FEATURES – SCRAP INDUSTRY NEWS
Blaze Recycling & Metals, Norcross, Ga., is the realization of a dream for brothers Craig, Kevin and Gary Blase.
Brian Taylor OCTOBER 20, 2006
|Growing up with a father who was in the heavy equipment business, Craig, Kevin and Gary Blase were able to learn first-hand about the industrial sector of the economy and what makes it tick.
Craig says their father had one phrase in particular that has helped guide them on their present course: “Find the dirtiest business out there, and you’ll make money.” One could certainly argue that scrap recycling does not deserve the dubious honor of being labeled “the dirtiest business,” but the daily practice of handling the discards of others has indeed proven profitable for the three Blase brothers. The company they created, Blaze Recycling & Metals, now has four locations in northern Georgia and has grown steadily throughout its 16 years in business.
STARTING SMALL. The Blase brothers were exposed to the scrap business early in life, at times joining their father on weekend or summer visits to scrap yards.
Craig retained an interest in the scrap business and, after attending college, he began working for an Atlanta area scrap recycler. Kevin borrowed money to start a small retail scrap business in a 3,000-square-foot portion of a building in Norcross, Ga., a northern suburb of Atlanta. “I added Gary to the business after he had attended the University of Georgia, and he began buying industrial scrap to add to our retail mix,” he says. “Then, when we generated enough revenue to bring Craig into our business, we brought Craig in.”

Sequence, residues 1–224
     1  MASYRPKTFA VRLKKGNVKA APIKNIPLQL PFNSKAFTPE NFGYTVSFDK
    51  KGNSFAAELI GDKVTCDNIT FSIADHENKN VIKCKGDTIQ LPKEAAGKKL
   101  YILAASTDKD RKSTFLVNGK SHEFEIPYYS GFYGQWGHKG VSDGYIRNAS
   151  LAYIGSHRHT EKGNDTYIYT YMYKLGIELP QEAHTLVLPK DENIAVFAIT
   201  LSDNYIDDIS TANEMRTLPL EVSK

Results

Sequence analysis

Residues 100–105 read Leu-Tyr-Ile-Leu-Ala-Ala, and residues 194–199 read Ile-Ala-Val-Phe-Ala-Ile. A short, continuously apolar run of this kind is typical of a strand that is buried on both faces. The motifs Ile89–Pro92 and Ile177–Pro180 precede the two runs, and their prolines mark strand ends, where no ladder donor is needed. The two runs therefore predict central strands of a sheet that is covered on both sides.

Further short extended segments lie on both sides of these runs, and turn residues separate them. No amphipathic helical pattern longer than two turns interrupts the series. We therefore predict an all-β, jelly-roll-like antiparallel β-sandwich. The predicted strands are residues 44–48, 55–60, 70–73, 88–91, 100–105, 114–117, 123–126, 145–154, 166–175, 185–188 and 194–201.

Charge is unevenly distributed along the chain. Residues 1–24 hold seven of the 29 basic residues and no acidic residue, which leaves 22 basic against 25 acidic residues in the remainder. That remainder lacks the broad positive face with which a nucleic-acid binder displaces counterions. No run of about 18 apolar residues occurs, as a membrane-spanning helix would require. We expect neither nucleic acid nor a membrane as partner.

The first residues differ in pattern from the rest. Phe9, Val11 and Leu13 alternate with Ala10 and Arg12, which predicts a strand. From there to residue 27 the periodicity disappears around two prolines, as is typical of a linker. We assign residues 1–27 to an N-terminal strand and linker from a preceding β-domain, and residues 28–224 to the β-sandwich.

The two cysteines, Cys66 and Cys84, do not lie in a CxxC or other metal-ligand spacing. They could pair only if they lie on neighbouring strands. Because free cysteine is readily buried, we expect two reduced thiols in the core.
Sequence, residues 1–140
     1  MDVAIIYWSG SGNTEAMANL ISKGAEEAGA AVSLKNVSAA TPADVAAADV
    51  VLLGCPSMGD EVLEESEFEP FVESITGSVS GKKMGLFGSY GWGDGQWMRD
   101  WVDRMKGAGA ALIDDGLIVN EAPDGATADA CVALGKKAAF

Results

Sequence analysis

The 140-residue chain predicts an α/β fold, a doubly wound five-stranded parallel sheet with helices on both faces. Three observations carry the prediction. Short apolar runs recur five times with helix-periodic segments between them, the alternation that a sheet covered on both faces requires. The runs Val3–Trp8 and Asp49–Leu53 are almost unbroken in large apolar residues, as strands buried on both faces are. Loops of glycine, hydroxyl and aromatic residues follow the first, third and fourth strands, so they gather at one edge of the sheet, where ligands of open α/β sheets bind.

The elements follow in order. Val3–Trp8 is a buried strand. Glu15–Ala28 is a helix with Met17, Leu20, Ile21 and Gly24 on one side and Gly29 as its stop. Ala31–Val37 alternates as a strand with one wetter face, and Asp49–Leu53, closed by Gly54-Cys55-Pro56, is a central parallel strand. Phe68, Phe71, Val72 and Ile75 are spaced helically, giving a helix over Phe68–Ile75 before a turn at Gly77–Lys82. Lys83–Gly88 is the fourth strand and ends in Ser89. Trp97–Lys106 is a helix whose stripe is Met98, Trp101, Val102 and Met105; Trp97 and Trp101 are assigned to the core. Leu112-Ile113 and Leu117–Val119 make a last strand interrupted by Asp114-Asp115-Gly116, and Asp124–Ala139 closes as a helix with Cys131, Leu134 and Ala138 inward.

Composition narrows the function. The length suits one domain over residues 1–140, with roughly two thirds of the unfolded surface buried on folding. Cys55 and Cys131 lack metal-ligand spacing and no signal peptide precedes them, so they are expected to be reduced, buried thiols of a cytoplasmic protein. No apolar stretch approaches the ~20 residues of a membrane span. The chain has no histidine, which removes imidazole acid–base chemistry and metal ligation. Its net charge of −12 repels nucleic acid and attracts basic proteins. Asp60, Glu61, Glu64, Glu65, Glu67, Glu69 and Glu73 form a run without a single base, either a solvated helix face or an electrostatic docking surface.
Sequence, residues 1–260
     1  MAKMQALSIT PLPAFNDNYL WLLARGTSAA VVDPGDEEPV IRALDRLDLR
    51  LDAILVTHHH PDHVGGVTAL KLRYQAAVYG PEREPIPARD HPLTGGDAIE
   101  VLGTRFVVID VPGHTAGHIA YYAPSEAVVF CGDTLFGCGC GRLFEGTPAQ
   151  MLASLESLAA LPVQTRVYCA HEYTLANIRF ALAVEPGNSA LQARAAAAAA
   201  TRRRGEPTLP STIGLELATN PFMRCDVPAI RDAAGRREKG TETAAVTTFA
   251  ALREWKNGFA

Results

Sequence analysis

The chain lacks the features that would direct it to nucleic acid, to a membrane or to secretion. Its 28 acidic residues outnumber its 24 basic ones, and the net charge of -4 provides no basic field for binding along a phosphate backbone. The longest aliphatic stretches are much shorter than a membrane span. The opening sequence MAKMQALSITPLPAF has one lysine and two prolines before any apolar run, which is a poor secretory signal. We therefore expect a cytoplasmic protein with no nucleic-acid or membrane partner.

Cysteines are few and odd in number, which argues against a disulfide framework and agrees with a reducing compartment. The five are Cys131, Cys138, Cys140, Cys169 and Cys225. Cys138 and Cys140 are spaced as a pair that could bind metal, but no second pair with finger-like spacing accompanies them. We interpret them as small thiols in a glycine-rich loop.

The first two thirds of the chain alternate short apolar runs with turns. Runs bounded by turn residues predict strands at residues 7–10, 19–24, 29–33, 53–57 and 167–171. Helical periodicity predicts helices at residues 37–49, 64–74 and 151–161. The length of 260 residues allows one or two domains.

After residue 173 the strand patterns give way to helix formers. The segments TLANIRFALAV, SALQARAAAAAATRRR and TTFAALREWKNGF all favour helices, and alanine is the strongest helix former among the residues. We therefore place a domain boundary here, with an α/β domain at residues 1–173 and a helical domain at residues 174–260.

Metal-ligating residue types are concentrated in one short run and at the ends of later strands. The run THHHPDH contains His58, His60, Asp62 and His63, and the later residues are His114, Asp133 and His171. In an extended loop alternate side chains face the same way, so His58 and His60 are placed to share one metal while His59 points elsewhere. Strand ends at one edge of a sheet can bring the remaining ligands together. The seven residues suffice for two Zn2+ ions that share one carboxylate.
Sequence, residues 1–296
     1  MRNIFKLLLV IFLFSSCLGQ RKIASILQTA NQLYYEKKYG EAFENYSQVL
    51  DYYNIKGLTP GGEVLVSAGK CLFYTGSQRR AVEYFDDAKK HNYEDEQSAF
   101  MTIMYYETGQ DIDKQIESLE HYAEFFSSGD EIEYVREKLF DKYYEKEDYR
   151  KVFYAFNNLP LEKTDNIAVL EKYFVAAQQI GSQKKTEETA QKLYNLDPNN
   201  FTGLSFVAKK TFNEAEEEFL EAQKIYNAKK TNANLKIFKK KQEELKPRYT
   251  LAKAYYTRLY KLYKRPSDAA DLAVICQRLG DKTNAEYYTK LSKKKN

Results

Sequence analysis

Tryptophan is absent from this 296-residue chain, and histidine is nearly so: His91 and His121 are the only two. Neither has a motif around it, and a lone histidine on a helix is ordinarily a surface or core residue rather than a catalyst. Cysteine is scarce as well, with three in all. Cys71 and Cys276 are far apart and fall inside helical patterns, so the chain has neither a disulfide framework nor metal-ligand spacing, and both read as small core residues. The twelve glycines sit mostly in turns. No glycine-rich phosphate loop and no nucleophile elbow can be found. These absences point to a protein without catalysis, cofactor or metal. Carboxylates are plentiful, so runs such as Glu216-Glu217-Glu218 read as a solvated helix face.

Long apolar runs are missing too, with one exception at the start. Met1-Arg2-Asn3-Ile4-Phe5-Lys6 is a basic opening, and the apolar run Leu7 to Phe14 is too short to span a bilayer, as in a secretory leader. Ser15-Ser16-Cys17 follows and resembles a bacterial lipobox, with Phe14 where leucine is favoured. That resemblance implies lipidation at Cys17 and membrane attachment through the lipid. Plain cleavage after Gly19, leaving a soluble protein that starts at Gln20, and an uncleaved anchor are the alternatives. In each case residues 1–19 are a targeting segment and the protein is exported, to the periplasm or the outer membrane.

Says Craig, “Effectively, everybody came together to expand the business. The business had sales but lacked capital. But we made slow capital investments, starting with a truck, a crane and then processing equipment.” Small milestones began to be surpassed, such as the first direct sale of a shipment of copper to a consumer. “Selling that first load of copper was almost like taking the champagne bottle and breaking it across the ship,” recalls Craig.
Although the brothers have their squabbles and will verbally spar when making major decisions, all agree on one key point: “What this company has done is invest dollar-for-dollar back in the business,” says Craig. “No one was selfish—there was no one here wanting to buy a sports car out of company profits. We all had a common goal and we have worked together,” he says.
As the company has evolved, each of the brothers has claimed certain responsibilities. Gary directs nonferrous sales, Craig oversees sales of ferrous scrap and Kevin directs physical processing operations. But each remains involved in the critical scrap buying process. “Everyone is involved in purchasing scrap; it’s always No. 1,” says Kevin.
Another member of the Blase family has also been critical to the success of Blaze Recycling & Metals. “Our mother, Caroline Blase, has been the company controller from day one,” notes Craig. “We’ve never had to worry about receivables or whether our customers were being paid. The three of us could concentrate on growing the business and we knew the money was being well taken care of,” he states.